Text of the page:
Cuomo proposes hike in school aid in state budget

WWNY-Cuomo Budget

ALBANY, N.Y. (AP) - Governor Andrew Cuomo unveiled his 2021 executive budget Tuesday, calling for some record spending in some areas despite the state facing a $6 billion deficit.

Cuomo, when addressing the deficit, said there will be no cuts, but the state will “reduce growth.”

Cuomo proposed increasing school aid by $826 million, which would bring the total annual investment to a record $28.5 billion. He’s promising a significant amount of money will go to poorer school districts.

“That may bode well for poorer school districts in northern New York,” said Assemblyman Mark Walczyk (R. - 116th District). “But again, the devil will be in the details.”

The governor is also proposing a new school aid funding formula.

“The goal is what a wealthy school gets, a poor school should get,” Cuomo said. “It doesn’t matter what zip code you’re born in, it doesn’t matter what county you’re born in, you have the same access to education.”

Cuomo also wants to lower the corporate tax rate for small businesses from 6.5 percent to 4 percent. He says the 40 percent reduction will benefit 36,000 taxpayers and save them $35 million.

The proposed budget looks to close the $6 billion deficit by limiting spending growth to 1.9 percent in state operating funds and by finding savings in the Medicaid budget. (See page 8 of the FY 2021 Executive Budget Briefing Book)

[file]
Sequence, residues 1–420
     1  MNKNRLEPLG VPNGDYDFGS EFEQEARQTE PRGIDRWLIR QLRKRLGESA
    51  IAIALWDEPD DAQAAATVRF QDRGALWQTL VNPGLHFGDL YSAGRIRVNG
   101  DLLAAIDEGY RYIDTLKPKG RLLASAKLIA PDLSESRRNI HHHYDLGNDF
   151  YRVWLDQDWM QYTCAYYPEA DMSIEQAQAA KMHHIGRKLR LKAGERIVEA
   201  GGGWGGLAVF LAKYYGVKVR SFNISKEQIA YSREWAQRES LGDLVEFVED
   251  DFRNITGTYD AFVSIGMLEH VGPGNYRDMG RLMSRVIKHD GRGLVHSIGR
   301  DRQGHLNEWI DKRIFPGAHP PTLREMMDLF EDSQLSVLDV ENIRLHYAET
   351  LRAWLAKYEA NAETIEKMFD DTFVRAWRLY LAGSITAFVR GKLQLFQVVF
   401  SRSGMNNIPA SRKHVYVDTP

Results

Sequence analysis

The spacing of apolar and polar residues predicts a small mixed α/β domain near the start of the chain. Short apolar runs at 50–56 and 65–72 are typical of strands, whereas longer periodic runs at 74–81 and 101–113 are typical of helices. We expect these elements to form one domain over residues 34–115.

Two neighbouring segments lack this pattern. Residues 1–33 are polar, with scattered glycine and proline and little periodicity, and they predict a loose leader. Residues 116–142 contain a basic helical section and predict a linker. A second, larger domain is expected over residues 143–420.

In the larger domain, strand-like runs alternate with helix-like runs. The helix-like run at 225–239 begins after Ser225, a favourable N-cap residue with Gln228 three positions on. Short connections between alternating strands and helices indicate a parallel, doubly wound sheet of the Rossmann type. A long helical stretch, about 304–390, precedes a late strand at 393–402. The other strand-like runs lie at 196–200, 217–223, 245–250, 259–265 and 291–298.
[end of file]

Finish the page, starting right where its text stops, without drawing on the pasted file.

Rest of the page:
Cuomo will create a new Medicaid Redesign Team, or MRT II. The MRT II will work to find cost-containment measures to save the state $2.5 billion, without shifting the cost of Medicaid increases onto local governments.

“It holds local governments harmless," Cuomo said. "I know many of them are fearing that we would go back and undo what we did in 2013 by assuming their Medicaid, we don’t do that.”

Instead, the state will continue to pay the entire increase in Medicaid costs for local governments with strings attached.

Counties will have to stay within the 2 percent property tax cap and control Medicaid costs to 3 percent growth per year, or pay the total spending growth.

“My problem is again, what is the details on how we’re gonna do that?” Assemblyman Ken Blankenbush (R. - 117th District) said. “And I’m worried that money will still fall back on our local governments.”

The Democratic governor has warned of a tough budgetary season and says he won’t support new taxes to help close the gap.

His proposal will cover the next state budget that starts April 1. The state Legislature must approve the spending plan.

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